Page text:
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Inappropriate Elimination: when animals pee and poo in the house

I’ve had good results resolving ‘inappropriate’ elimination, most of my clients being feline and a few dogs.

Regarding cats, I’ve found that peeing directly outside the box can indicate a dislike for their litter, the position or location of the box or a dirty box. The cause for urinating on the bed or furniture can be a response to this as well, but most likely is an unresolved emotional issue. (I first rule out bladder infection by doing a body scan and also suggest a urinalysis at the Vet if the session is not successful.) Spraying is usually a more adamant and immediate demand to be heard, like us yelling. Especially when they spray or urinate in front of us. This by no means is the golden rule, just a generalization based on the cases that I’ve had. And of course, situations can be much more complex.

Lucia, a two-year-old cat, had been soiling the couch for her entire two years. I assumed it most likely had to do with the person’s boyfriend or a dysfunctional relationship with her person. However, Lucia immediately sent me a picture of her litter, the clumping kind, and said it was making her nauseous.

I couldn’t believe it could be this simple, but sure enough, her person had never used anything else, switched to another type, and the problem was resolved.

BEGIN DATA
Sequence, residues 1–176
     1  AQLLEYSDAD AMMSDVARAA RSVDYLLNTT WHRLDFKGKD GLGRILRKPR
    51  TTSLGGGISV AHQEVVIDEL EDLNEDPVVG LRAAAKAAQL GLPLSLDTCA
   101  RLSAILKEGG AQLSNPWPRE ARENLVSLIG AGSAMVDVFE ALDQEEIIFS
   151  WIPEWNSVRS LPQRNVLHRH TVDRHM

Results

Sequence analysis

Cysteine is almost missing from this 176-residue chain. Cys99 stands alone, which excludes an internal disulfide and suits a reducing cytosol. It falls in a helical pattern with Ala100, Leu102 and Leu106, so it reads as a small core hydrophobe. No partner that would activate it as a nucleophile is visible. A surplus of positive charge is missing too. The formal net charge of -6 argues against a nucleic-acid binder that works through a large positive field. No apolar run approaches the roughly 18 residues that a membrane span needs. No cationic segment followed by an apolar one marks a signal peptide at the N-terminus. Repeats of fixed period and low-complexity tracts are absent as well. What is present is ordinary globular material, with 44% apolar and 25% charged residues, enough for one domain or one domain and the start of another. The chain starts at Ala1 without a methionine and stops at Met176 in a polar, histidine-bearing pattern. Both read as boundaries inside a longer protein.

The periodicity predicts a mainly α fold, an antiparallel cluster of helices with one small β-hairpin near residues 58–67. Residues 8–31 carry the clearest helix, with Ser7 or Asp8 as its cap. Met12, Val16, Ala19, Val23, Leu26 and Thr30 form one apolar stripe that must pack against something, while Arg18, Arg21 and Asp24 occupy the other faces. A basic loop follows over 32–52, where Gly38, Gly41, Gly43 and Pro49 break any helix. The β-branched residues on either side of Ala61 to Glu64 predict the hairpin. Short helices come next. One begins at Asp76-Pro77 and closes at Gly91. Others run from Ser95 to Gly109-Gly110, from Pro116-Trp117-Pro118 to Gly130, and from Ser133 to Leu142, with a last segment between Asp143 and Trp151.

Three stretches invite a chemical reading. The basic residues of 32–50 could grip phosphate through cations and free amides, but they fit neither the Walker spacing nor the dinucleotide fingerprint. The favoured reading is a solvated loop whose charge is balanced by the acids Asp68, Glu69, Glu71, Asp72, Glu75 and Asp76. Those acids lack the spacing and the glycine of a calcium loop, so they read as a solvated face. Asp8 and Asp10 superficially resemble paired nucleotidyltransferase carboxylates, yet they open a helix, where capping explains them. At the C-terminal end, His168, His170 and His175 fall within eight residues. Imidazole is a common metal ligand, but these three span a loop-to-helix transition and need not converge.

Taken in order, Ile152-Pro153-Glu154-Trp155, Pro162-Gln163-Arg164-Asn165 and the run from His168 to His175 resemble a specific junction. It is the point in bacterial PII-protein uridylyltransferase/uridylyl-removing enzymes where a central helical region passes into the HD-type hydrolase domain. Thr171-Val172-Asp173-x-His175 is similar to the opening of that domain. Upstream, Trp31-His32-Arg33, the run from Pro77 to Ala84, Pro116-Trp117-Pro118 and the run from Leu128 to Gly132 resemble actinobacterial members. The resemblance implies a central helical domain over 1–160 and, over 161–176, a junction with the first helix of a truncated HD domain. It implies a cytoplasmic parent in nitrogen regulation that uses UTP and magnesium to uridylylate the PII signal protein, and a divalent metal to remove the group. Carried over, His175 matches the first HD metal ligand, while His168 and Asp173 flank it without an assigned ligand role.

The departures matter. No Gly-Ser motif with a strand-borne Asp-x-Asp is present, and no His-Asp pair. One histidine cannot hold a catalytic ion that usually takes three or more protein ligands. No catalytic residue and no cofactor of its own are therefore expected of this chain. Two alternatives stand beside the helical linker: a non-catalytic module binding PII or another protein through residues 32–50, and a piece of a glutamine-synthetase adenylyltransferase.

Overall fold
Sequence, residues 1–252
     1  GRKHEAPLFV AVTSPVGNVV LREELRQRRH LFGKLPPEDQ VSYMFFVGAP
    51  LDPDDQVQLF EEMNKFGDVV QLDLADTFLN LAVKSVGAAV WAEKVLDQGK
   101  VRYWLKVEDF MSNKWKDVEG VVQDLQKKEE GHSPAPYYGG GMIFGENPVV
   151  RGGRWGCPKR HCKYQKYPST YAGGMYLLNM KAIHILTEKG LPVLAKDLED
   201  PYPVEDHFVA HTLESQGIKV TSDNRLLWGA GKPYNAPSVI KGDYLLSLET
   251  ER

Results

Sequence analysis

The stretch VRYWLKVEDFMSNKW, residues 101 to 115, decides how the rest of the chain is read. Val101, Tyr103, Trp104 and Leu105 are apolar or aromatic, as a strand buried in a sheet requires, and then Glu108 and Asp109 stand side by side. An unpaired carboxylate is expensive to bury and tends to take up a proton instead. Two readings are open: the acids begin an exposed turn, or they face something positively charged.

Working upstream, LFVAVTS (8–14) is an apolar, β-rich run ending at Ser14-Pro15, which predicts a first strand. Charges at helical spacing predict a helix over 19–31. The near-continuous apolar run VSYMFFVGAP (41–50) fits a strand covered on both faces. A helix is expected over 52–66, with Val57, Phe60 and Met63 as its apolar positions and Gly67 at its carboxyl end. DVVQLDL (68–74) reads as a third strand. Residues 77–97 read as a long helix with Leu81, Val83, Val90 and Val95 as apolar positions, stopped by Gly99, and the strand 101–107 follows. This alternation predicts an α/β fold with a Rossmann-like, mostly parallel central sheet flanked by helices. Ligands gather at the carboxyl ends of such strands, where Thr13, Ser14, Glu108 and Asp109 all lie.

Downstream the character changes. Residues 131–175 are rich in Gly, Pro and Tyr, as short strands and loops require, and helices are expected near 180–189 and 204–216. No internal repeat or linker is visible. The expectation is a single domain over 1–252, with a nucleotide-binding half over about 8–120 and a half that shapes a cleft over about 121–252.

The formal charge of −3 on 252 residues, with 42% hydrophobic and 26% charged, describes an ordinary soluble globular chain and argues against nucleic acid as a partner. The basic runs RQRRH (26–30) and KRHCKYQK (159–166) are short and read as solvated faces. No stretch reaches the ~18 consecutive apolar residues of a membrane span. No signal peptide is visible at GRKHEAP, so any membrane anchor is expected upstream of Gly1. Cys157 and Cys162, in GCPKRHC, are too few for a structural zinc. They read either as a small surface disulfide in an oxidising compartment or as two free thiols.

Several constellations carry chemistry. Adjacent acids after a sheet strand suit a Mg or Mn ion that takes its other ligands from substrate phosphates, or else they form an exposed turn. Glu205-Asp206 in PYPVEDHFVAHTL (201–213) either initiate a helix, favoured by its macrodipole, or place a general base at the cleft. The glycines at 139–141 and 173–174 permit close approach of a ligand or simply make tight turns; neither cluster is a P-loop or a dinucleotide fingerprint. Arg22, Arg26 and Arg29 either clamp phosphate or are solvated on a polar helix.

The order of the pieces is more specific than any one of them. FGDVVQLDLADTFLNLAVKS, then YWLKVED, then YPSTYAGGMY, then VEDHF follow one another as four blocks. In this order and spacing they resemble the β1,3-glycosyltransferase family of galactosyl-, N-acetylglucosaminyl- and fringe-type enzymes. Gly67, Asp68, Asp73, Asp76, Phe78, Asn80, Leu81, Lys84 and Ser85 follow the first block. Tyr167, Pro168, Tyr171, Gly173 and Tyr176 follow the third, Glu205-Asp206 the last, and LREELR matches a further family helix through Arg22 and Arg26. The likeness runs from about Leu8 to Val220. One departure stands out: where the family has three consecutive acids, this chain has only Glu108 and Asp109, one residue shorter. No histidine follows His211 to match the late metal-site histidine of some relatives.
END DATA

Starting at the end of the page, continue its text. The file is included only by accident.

One cat didn’t like the cover on his box. Sharing the house with seven other cats, he had six boxes to choose from - all were covered. One cat didn’t like his box ‘hiding’. His person had kept it half under a chair.

Scarlet was pooping outside the litter box and peeing in the sink. She told me she wasn't happy. When I asked her what would make her happy, she showed me an outside area that she no longer had access to, and missed. Her person, Abby said that she had always taken Scarlet to an outside courtyard until they moved. Abby agreed to take her out at the new home. Scarlet started using the box.

Inappropriate Elimination:

When Animals Pee & Poop in the House

I’ve had good results resolving ‘inappropriate’ elimination, most of my clients being feline and a few dogs.

Regarding cats, I’ve found that peeing directly outside the box can indicate a dislike for their litter, the position or location of the box or a dirty box. The cause for urinating on the bed or furniture can be a response to this as well, but most likely is an unresolved emotional issue. (I first rule out bladder infection by doing a body scan and also suggest a urinalysis at the Vet if the session is not successful.) Spraying is usually a more adamant and immediate demand to be heard, like us yelling. Especially when they spray or urinate in front of us. This by no means is the golden rule, just a generalization based on the cases that I’ve had. And of course, situations can be much more complex.

Lucia, a two-year-old cat, had been soiling the couch f